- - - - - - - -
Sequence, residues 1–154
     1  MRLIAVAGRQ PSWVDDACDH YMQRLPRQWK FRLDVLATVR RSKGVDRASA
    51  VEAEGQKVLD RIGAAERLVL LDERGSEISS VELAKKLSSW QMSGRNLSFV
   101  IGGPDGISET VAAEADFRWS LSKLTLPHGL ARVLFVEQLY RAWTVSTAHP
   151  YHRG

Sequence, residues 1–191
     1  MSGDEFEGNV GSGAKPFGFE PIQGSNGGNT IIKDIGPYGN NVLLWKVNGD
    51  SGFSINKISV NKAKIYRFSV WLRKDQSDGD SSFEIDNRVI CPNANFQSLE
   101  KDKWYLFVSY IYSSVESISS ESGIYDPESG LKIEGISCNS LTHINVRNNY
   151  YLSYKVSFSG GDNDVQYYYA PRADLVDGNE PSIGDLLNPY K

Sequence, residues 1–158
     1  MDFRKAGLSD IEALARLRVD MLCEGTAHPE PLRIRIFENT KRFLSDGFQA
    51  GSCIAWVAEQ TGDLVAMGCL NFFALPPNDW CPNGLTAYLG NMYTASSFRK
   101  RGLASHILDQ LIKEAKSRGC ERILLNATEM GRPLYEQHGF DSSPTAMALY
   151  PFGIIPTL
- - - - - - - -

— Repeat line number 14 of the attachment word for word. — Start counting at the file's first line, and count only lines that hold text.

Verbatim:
   101  RGLASHILDQ LIKEAKSRGC ERILLNATEM GRPLYEQHGF DSSPTAMALY